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bers* or ancient Fire-Worshippers of Persia, and their haughty Moslem masters. From that moment, a new and deep interest in my whole task took possession of me. The cause of tolerance was again my inspiring theme; and the spirit that had spoken in the melodies of Ireland soon found itself at home in the East.
Having thus laid open the secrets of the workshop to account for the time expended in writing this work, I must also, in justice to my own industry, notice the pains I took in long and laboriously reading for it. To form a storehouse, as it were, of illustration purely Oriental, and so familiarize myself with its various treasures, that, as quick as Fancy required the aid of fact, in her spiritings, the memory was ready, like another Ariel, at her "strong bidding," to furnish materials for the spell-work,—such was, for a long while, the sole object of my studies; and whatever time and trouble this preparatory process may have cost me, the effects resulting from it, as far as the humble merit of truthfulness is concerned, have been such as to repay me more than sufficiently for my pains. I have not forgotten how great was my pleasure, when told by the late Sir James Mackintosh that he was once asked by Colonel W- -s, the historian of British India, "whether it was true that Moore had never been in the East?" Never," answered Mackintosh. Well, that shows me,” replied Colonel W. -s, "that reading over D'Herbelot is as good as riding on the back of a camel.”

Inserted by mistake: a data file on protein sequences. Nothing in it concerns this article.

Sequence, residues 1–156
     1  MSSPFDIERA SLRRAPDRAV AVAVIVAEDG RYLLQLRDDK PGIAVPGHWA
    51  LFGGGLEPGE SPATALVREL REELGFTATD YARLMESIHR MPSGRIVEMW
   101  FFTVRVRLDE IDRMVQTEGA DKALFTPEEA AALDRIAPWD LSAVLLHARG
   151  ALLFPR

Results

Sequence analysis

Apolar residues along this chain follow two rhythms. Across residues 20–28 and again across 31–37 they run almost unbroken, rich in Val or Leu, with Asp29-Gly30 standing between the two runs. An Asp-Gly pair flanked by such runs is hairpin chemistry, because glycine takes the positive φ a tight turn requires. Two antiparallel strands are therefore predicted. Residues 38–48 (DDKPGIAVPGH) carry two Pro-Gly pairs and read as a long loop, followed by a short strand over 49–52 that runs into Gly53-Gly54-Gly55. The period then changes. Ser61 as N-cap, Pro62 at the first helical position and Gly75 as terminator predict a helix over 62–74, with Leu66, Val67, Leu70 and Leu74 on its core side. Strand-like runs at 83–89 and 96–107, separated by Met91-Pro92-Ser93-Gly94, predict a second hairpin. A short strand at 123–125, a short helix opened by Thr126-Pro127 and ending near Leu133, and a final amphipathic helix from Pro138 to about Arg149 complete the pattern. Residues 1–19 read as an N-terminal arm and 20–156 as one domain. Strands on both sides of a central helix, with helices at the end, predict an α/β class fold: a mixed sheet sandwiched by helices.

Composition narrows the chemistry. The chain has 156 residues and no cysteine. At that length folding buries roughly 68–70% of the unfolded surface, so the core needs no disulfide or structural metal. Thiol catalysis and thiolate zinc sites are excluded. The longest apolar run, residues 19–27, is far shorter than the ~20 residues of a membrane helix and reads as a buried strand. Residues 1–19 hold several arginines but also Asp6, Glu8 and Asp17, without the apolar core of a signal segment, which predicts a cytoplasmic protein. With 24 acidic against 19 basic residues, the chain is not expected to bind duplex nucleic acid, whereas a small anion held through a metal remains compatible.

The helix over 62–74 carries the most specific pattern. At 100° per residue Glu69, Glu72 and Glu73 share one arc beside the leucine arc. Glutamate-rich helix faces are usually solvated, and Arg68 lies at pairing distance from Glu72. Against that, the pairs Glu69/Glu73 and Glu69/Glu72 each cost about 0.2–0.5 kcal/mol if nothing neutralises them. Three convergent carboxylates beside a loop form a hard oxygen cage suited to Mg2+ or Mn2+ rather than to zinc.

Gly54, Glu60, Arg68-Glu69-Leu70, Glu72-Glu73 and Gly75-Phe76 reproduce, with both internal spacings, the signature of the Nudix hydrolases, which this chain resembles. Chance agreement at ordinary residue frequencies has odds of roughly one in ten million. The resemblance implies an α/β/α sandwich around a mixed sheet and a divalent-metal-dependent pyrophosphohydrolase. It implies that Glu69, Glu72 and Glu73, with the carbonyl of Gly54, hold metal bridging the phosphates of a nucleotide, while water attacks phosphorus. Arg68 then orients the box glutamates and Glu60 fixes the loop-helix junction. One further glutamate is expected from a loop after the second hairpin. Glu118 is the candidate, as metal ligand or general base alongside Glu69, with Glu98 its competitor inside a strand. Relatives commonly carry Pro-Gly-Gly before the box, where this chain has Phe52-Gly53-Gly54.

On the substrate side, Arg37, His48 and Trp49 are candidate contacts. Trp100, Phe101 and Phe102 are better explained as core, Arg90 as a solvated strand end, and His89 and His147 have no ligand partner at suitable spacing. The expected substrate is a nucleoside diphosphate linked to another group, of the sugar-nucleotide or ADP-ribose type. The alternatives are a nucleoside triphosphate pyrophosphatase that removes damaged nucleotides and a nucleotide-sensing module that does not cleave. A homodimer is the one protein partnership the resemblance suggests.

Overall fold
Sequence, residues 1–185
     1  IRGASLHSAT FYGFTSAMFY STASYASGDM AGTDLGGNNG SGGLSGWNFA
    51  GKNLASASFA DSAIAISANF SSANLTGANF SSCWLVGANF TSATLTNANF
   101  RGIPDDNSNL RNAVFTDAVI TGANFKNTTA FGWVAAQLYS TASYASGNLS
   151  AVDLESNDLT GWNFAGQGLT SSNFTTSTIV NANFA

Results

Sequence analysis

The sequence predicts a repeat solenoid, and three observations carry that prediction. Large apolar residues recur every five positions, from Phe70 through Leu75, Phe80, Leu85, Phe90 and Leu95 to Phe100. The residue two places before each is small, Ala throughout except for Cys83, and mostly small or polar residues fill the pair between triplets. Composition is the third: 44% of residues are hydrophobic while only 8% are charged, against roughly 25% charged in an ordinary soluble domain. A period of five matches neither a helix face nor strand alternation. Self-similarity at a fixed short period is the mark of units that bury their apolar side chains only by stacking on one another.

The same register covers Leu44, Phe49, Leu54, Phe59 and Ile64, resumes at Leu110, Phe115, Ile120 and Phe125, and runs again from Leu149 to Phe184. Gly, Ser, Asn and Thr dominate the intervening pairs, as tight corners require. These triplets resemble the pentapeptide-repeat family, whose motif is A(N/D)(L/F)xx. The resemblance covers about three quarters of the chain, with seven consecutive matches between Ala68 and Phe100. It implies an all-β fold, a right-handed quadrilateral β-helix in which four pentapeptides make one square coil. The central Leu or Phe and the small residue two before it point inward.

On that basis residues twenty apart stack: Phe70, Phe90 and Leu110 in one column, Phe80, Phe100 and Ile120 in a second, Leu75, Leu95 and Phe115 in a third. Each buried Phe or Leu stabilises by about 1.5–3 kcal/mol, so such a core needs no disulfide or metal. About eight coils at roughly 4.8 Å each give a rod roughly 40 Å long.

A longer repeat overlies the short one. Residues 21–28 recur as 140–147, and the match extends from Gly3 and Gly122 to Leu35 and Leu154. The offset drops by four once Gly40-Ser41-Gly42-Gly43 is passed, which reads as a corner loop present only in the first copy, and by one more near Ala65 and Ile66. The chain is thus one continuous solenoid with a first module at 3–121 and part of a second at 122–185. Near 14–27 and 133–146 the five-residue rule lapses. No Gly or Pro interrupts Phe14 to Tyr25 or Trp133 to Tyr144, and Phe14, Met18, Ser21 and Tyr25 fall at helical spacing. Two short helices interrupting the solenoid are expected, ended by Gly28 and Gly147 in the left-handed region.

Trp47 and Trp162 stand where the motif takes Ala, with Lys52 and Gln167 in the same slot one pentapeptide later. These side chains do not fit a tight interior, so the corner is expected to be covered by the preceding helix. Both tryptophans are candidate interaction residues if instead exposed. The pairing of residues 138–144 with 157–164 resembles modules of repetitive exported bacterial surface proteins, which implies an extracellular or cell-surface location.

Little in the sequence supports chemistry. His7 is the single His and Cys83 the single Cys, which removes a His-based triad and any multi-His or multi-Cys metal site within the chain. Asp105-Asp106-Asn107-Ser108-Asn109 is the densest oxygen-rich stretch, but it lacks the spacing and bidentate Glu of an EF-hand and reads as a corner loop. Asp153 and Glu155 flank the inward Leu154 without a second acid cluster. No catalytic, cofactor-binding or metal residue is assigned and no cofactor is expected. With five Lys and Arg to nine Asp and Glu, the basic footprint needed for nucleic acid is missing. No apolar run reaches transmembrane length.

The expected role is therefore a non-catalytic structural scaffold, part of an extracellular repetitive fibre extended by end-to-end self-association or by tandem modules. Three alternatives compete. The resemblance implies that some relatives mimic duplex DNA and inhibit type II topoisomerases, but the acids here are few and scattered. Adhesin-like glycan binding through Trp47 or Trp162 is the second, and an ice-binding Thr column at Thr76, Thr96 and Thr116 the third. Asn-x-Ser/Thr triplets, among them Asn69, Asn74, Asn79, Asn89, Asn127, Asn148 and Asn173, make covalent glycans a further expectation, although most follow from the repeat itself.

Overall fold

* Voltaire, in his tragedy of "Les Guèbres," written with a similar under-current of meaning, was accused of having transformed his Fire-Worshippers into Jansenists. "Quelques figuristes," he says, "prétendent que les Guèbres sont les Jansenistes."